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Part I

Part II

Part III

Part IV



     

Part IV:  The Fitness of Living Things: Dauermodifications

Chapter 4

Dauermodifications in Man

     THE HUMAN RACE is known to be a single species, since men and women everywhere in the world freely mate and produce fertile offspring if they are so inclined. Yet there are some remarkable differences in stature and body build, from the diminutive Pygmies of the Ituri Forests in the Congo to the Negro giants of the Upper Nile in Abyssinia. The range in height is from less than four feet to over seven.
     Very few, if any, anthropologists today would challenge the assertion that Homo sapiens is a single species. The divergences in type, therefore, are presumably the result of environmental influences, although some distinguishing characteristics such as hair form, skin and eye colour, and supernumerary fingers and toes are probably the consequence of gene mutations. That skin colour is not a result of climatic conditions seems to be borne out by the persistence of fairer skin among many peoples living near the Equator, and the persistence of darker skin (often almost black) of many peoples who have for centuries lived nearer the north and south poles.
     But we have considerable evidence of dauermodifications of various kinds in man in certain regions of the world where environmental pressures are extreme. Two particularly notable examples have already been mentioned the forest Pygmies and the Nilotic Negro giants. Both varieties of the human species have almost certainly arisen as the result of a combination of high temperature and high humidity throughout most of the year.
     The human body must operate without overheating. We are so constructed that we can sustain a remarkable fall in body temperature; but a rise above normal (98.6 degrees F.) of only a few degrees can rather quickly prove fatal.

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    The body has a series of defenses against a fall in temperature. The first defense is usually a change in the character of peripheral blood circulation during which the smaller capillaries and venules are closed off and the blood is channeled to circulate at a deeper level and not at the skin surface, where its heat would be lost by conduction or radiation. This is known technically as vasoconstriction. The skin accordingly turns whiter, and numbness is experienced at the extremities due to the loss of circulating blood at the nerve endings. If this initial defense mechanism fails to conserve heat adequately and deep body temperature continues to fall, certain muscles are automatically tightened in such a way that metabolic activity and with this, metabolic heat is increased. Some of these surface muscles erect skin hairs as a consequence, causing the familiar phenomenon of "gooseflesh". The nerve impulses to the muscle fibers, which cause the fibers to contract, are fired at random so that the overall effect is a generalized increase in muscle tone. When one returns to the warm, the sudden sense of release and relaxation is a pleasant experience.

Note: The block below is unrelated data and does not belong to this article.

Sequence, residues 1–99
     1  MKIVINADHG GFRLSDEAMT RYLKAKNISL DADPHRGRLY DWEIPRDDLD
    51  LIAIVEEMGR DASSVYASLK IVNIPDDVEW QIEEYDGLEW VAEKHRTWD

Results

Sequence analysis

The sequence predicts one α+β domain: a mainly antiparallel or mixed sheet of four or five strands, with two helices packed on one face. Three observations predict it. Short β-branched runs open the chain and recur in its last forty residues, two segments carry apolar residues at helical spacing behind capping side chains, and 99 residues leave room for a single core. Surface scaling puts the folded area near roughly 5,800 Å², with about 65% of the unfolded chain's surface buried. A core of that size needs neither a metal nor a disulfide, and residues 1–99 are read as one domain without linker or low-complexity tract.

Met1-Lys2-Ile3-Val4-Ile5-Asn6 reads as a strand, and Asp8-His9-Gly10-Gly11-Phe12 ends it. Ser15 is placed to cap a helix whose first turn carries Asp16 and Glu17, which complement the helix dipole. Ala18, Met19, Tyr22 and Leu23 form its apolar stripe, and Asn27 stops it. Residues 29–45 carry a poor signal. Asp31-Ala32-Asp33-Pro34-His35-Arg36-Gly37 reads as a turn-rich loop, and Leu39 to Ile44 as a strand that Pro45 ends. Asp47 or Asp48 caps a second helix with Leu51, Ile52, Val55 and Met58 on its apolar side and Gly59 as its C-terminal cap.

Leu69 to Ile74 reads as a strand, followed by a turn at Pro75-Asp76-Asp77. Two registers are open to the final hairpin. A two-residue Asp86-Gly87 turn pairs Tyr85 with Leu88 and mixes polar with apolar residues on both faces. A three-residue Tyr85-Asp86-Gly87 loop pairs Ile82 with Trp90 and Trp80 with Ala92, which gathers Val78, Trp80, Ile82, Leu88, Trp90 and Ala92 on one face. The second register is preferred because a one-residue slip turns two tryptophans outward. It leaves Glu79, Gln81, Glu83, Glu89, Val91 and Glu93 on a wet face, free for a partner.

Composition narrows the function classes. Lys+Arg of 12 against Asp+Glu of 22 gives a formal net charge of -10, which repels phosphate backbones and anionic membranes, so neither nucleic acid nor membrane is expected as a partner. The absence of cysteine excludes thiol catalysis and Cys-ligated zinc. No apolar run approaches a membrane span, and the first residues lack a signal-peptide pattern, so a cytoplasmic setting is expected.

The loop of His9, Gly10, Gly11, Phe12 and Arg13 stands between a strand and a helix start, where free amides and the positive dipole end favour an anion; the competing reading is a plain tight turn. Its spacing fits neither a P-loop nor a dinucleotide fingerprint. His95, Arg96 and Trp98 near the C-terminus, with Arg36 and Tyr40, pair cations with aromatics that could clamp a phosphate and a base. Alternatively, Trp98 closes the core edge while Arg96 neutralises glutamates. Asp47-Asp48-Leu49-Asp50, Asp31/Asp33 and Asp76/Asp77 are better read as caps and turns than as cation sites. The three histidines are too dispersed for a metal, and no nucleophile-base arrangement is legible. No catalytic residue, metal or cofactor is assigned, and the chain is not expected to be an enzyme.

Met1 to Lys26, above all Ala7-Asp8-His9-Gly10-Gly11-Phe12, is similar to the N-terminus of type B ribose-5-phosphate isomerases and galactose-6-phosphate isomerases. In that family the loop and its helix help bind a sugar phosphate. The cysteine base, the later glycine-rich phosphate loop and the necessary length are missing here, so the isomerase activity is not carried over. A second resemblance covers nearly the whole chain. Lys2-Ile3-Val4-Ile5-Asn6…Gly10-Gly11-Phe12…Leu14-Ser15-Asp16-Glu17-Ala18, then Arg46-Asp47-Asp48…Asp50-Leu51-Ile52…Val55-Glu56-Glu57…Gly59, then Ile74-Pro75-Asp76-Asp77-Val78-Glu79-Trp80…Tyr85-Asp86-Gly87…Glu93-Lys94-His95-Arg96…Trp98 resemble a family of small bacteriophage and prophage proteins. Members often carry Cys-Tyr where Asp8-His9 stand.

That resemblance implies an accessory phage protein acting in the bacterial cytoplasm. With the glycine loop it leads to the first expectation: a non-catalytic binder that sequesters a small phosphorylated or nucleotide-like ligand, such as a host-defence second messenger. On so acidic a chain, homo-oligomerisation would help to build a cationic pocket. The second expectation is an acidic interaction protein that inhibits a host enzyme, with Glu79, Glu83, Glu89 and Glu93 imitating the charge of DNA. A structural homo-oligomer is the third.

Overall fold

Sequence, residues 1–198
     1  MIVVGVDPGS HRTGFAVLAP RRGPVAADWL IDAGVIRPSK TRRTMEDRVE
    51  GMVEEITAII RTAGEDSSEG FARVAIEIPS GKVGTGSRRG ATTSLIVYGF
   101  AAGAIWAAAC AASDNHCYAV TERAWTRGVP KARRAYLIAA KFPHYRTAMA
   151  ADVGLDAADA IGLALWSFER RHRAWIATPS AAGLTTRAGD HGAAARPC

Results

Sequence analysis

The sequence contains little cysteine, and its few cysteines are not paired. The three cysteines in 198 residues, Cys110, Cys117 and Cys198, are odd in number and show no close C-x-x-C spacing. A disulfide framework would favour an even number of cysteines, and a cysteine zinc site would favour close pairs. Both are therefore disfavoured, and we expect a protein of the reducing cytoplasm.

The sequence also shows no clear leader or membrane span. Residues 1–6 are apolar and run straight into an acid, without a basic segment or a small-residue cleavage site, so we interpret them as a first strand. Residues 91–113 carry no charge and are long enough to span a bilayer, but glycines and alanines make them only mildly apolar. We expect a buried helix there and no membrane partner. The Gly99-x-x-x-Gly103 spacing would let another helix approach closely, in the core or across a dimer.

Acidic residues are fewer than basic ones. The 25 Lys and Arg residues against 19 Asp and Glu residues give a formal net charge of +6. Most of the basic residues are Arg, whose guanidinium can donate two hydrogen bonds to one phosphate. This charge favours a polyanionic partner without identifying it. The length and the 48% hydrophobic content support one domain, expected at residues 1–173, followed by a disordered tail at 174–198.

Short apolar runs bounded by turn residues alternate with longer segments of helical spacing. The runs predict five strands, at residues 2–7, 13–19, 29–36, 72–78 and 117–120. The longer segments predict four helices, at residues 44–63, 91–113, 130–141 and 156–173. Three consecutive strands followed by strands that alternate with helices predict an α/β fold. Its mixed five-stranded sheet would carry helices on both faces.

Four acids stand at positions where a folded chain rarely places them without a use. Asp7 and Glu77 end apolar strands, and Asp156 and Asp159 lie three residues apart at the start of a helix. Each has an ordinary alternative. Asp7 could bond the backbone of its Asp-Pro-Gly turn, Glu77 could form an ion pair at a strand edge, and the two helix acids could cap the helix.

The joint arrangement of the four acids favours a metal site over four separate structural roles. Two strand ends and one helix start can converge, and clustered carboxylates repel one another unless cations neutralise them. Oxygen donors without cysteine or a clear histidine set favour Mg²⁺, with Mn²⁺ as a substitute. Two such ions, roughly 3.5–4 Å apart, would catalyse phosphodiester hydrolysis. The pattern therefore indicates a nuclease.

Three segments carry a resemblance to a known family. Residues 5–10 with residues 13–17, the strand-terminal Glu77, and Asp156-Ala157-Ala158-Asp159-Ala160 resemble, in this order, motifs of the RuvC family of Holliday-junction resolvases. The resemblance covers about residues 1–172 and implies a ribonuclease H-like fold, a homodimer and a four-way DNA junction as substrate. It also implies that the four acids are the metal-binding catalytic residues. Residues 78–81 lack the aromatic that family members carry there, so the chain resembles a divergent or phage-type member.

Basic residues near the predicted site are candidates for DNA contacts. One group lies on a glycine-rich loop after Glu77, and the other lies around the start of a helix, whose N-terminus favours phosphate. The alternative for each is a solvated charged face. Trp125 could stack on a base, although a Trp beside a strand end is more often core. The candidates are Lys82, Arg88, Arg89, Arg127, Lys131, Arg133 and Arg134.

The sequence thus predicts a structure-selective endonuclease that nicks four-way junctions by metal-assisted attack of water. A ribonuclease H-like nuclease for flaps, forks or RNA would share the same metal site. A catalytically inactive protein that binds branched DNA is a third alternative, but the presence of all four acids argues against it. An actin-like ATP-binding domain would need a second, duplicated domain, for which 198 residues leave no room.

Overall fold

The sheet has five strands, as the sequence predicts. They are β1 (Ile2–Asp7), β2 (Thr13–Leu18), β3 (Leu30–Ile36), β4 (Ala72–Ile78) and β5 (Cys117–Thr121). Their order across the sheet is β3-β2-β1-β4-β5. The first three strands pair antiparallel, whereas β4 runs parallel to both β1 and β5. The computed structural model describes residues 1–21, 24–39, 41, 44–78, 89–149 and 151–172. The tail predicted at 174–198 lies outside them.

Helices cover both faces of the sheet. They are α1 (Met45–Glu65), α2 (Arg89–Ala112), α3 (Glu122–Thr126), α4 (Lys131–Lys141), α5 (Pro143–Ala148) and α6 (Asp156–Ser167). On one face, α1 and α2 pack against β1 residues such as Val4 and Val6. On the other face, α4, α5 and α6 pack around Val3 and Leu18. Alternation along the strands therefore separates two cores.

If this second defense mechanism still proves insufficient, the nerve impulses are no longer fired randomly but are suddenly coordinated into rhythmic contractions. Firing in unison, they produce shivering. The first form of general muscle tension in the cold can increase metabolic heat production by as much as 100 percent; shivering can increase it by 300 percent! One should not try to suppress it: it is a powerful mechanism for the maintenance of deep body temperature and the preservation of life itself.
     Now, in the heat there is a somewhat analogous series of mechanisms. The first is a sudden opening up of peripheral blood vessels, called vasodilatation. As vasoconstriction causes whitening of the skin so vasodilatation causes reddening. Alcohol is a vasodilator, and the characteristic reddening of the skin which accompanies excessive drinking is a demonstration of this. The deep body heat which has begun to increase is now conducted by the blood to the skin surface at a higher rate of transport. Here it is radiated away into the environment.
     If this radiation proves inadequate because the temperature of the environment does not permit the radiant heat to be absorbed rapidly enough, a second mechanism is triggered. The rising temperature of the blood flowing through the anterior hypothalamus triggers the sweating mechanism. This mechanism is extremely sensitive and capable of responding to a change in temperature of the blood of one hundredth of a degree

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Centigrade. Through some two million sweat glands of very complex design, a remarkably pure watery fluid is expressed with considerable force onto the skin surface. There it evaporates and, in doing so, cools the skin with extraordinary effectiveness.
     It is not uncommon for a man exercising on a treadmill in a hot chamber to lose as much as five pounds of body water by this means within one hour. Meanwhile his body temperature will experience surprisingly little rise. If, by the use of drugs (atropine, for example), the sweating mechanism is blocked, body temperature will rise precipitously; fatal heat stroke becomes a real probability within a comparatively few minutes unless steps are taken to reduce the body temperature by some other means and as quickly as possible.